So you have decided to create a live stream broadcast and I am sure you are very excited to get started. The biggest step now is to select the live streaming camera that is best for you. We understand that choosing a camera for live streaming can be overwhelming, and it’s hard to tell which live streaming video cameras are the perfect fit for your needs. It feels like there are a million different makes & models to choose from and the prices range from $100 into the thousands. Not to mention all of the cards, cables and technical terms that go along with it. Megapixels? Optical Zoom? ISOs & F-Stops? Walking into an electronics shop and asking a salesperson can be intimidating, but tackling the decision solo can also be a lot of work. Before you start your journey, we have some tips that will help you get started, and technical lingo that will make you sound like a professional videographer.
Before you make live stream camera commitment, keep a couple of things in mind:
- What is your current computer workflow?
- Do you only want to stream live?
- Would you like the flexibility to shoot on the go?
- What is your budget?
Just like introducing a new member to the family, your video camera for live streaming most importantly has to get along with your current hardware set-up. The key thing to pay attention to are the existing camera connections available on computer you are using whether that be on a laptop, desktop or even a tricaster. Regardless of your technology preferences, it’s a whole lot easier to pick a camera for live streaming that is compatible with your hardware than having to re-adjust your hardware gear based on the hottest video camera on the market.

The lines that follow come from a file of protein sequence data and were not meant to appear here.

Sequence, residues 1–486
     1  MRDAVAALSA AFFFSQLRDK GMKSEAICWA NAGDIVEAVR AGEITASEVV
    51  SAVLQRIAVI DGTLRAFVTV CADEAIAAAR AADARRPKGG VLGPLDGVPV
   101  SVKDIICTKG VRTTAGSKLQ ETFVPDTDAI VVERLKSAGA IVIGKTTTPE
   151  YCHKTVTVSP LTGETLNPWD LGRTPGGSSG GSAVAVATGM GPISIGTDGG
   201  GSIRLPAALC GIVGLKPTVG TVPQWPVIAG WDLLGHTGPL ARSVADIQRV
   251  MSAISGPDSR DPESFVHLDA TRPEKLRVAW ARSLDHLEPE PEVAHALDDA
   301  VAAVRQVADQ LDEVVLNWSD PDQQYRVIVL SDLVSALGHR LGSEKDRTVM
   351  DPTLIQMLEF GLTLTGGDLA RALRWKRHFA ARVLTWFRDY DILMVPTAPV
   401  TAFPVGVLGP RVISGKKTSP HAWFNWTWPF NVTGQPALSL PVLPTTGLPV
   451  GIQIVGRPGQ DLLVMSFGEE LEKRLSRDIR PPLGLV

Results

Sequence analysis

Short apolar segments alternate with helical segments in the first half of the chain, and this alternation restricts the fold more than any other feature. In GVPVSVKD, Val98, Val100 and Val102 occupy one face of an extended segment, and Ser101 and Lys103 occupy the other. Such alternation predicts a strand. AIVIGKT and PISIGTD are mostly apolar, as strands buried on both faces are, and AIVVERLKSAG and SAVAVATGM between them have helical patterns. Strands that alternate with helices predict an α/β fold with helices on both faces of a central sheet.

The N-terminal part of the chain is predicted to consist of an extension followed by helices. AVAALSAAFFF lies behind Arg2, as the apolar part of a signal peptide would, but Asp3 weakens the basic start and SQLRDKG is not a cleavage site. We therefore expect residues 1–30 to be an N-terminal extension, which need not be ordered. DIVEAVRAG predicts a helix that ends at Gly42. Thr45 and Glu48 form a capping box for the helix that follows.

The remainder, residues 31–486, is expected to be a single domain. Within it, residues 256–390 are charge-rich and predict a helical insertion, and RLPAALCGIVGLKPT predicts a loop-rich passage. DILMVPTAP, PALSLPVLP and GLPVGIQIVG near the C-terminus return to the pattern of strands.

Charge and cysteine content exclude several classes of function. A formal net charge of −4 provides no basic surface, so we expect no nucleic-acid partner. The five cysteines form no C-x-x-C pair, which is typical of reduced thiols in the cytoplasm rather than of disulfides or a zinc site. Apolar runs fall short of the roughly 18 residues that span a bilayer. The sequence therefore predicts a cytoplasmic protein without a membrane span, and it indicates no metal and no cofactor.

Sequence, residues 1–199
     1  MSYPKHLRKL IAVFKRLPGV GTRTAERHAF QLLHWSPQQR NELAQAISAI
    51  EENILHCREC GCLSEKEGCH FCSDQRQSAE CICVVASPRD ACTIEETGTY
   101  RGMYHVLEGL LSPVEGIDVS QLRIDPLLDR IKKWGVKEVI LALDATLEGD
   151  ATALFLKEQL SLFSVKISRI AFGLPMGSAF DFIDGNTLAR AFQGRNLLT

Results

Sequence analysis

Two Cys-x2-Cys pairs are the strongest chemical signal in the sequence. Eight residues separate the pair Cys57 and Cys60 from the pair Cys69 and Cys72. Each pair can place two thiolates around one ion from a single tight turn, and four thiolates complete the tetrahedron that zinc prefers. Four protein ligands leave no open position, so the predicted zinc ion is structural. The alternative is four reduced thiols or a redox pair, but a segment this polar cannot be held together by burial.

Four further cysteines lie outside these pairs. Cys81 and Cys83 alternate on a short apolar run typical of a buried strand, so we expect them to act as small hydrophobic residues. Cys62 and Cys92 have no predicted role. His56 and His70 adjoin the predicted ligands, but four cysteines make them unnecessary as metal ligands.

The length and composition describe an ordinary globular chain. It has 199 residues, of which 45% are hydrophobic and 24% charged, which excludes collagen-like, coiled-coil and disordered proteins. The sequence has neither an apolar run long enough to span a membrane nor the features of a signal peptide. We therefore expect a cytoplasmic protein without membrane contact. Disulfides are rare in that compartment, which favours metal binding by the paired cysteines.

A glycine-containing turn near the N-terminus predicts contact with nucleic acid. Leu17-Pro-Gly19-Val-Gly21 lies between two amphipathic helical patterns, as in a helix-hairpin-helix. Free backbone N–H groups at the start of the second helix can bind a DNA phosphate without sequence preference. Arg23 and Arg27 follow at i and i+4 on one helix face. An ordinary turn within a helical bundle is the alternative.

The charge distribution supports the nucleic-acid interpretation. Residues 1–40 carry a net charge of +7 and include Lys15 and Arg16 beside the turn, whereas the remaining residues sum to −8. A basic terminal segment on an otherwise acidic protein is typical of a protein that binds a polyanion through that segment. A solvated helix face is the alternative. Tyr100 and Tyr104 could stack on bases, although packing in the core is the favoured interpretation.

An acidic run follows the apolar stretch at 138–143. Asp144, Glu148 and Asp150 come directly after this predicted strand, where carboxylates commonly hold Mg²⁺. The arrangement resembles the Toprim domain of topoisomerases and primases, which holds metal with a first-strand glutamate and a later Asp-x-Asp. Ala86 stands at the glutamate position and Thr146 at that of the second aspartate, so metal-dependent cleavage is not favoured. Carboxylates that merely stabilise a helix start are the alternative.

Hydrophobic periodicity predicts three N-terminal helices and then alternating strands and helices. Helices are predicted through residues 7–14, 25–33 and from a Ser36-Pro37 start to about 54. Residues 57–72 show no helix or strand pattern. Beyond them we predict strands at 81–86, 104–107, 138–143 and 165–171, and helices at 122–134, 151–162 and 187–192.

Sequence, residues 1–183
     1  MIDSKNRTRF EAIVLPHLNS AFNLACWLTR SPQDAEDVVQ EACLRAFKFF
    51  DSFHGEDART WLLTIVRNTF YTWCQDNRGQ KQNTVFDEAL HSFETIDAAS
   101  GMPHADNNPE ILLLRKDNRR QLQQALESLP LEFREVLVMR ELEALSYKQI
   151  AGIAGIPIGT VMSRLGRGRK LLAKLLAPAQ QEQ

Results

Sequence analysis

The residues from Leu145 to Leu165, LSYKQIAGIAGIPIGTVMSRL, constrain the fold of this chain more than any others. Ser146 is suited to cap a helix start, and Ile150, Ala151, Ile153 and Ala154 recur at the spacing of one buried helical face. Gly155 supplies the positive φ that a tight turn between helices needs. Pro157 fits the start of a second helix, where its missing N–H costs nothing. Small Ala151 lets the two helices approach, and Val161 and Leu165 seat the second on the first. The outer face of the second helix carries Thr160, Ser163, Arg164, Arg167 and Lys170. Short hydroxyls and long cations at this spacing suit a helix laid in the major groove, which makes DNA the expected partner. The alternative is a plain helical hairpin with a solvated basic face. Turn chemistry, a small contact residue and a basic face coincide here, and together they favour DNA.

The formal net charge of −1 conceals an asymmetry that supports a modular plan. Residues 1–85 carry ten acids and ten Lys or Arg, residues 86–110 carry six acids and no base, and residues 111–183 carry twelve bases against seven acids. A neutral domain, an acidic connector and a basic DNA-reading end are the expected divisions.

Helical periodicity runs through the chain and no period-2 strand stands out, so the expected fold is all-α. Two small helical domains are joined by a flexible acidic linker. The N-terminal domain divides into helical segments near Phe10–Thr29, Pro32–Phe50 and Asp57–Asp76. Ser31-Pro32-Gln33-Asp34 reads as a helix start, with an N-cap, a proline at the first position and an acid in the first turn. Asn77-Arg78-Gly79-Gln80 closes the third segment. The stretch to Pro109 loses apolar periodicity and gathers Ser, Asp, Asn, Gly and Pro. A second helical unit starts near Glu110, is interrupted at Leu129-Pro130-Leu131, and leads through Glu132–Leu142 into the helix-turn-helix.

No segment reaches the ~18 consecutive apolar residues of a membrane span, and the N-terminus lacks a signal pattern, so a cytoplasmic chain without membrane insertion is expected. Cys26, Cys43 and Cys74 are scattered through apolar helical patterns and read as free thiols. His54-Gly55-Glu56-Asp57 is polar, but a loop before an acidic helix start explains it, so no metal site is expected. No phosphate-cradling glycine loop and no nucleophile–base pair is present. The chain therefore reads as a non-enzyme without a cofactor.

This is the best live streaming camera option for entry level broadcasters because basically all computers, whether they be mac or windows, has this connection already built in. If you are just starting out with live streaming, this is an hassle free first camera choice. With so many USB cameras on the market, it’s not hard to find one that will fit your budget and your needs. If you use our Pro Broadcaster or Ustream Producer, both of these encoding programs should automagically recognize your USB camera. You just “Plug & Play” so they say.
Camera: Logitech Webcam Series
- Low cost
- Easy or no setup involved
- Can connect directly to most computers, no capture cards or boxes required
- Usually no batteries or AC power required, can be powered directly from computer
- Typically lack zoom, manual focus, iris, white balance and gain controls required for more precise shots
- No ability to upgrade lenses
- No ability to record locally
- No ability to input professional audio and pass through to encoder
Nothing like the classic. If you have ever looked at the back of a newer model TV, you may have seen the red/green/blue cable ports. Most video camera for live streaming have some option for analog output, however most laptops do not have these inputs built in, meaning you would need a switcher or capture card to accept the analog connection.
Camera: Panasonic P2 HD Series
- Very common connection type, available on almost any camera, new or old
- Lowest cost, particularly with all the older used video cameras available
- Easy to source and replace cables and cameras
- Relatively easy to find capture cards, switchers and encoders that support this connection type
- Many analog connections only support SD resolution. Only newer cameras support HD over analog component connections
- Not recommended for long cable runs. Analog cables can be prone to interference and signal degradation.